The Schloss
196 Flinders Street. Melbourne.

A rendering of the Metropolitan Gas Company building by its architects Reed, Smart & Tappin (reproduced from Building & Engineering Journal , 17 September 1892).

This five-storey building, with St Paul's Cathedral, Chapter House and the Diocesan Offices, forms an impressive group of late-nineteenth century Gothic Revival buildings on the corner of Flinders and Swanston Street, at the southern gateway to the city. Erected as the head office and showroom of the Metropolitan Gas Company, it was one of the city's largest and most notable buildings at the time of its completion in 1892.

The Metropolitan Gas Company was created in 1878 after the amalgamation of several of the city's gas companies. Melbourne 's gas supply had begun decades earlier during the prosperous gold rush years. In the early 1890s the Metropolitan Gas Company, in order to accommodate its growing number of staff, decided to build a new head office. After considering several locations on which to build, it chose a site at 196 Flinders Street and secured a fifty-year lease of the land from the Trustees of St Paul's Cathedral.

St Paul's Cathedral

This part of Flinders Street has had a long association with religious worship in Melbourne. The settlement's first religious services were conducted from a tent under a large gum tree near this site in 1836. Later, surveyor Robert Hoddle provided the land on the northeast corner of Swanston and Flinders Street to the Church of England (Anglican Church) for the site of a cathedral. The cathedral was completed in 1852, but was later demolished and replaced by the present St Paul 's Cathedral opened in 1891, which was designed by the eminent English architect William Butterfield. After a dispute with the Church in 1888, Butterfield resigned as architect and the Melbourne architect Joseph Reed, of the firm Reed, Smart & Tappin supervised the works in an honorary capacity.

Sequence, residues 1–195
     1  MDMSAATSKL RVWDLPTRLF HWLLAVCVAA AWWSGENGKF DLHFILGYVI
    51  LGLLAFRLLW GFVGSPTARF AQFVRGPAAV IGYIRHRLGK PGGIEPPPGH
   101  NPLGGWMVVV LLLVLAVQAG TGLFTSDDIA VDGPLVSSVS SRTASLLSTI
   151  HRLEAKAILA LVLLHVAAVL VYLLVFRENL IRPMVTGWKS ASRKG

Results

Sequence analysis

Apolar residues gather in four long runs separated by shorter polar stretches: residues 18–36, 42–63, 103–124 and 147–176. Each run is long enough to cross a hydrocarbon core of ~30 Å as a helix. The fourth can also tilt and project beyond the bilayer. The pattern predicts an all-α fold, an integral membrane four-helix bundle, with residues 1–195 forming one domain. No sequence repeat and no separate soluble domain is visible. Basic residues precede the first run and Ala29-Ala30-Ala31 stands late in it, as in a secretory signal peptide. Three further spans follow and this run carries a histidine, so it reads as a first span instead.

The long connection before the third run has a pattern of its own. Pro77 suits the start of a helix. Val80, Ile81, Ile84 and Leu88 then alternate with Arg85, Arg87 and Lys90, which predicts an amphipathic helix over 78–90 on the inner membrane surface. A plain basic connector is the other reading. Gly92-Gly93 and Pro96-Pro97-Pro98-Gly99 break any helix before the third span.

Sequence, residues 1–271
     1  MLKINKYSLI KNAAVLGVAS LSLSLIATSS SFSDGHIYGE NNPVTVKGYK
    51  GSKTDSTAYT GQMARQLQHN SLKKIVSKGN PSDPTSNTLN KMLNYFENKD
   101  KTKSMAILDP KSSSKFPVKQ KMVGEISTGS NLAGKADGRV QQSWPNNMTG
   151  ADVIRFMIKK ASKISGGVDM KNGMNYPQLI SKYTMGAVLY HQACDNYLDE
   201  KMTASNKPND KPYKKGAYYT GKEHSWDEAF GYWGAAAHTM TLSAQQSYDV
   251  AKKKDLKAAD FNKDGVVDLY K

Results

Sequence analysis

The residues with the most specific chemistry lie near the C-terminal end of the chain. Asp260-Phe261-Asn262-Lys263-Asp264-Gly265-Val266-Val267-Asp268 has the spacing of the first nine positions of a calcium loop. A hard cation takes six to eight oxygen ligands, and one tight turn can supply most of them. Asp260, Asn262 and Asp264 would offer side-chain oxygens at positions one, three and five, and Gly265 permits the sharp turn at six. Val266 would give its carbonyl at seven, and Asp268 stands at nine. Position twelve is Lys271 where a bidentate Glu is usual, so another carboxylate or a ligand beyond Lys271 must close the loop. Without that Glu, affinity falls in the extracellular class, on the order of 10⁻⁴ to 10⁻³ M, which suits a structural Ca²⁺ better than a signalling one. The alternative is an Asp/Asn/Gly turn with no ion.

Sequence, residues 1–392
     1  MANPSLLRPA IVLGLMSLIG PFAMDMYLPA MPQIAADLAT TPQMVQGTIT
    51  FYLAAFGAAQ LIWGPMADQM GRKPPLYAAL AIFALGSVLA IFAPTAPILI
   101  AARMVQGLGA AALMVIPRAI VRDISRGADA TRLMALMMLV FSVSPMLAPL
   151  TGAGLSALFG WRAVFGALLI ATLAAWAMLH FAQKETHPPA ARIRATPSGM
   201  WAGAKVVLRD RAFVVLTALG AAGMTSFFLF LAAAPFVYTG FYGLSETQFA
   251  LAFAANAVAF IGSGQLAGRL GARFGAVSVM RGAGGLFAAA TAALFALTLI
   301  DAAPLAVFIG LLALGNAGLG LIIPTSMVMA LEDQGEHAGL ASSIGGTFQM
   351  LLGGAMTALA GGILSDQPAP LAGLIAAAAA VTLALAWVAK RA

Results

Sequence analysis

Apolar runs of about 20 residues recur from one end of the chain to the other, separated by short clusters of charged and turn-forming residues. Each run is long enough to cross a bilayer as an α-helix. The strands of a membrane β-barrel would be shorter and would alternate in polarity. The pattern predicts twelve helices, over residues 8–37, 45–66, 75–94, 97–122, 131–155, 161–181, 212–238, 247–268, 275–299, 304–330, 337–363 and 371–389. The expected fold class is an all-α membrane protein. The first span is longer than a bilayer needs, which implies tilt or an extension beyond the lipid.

The Metropolitan Gas Company building (at right) was designed in a Gothic Revival style to harmonize with St Paul 's Cathedral (at centre). This photograph from c1914 shows the cathedral without its spires. These were added during the 1920s.
(Photograph reproduced from the Picture Collection, State Library of Victoria ).


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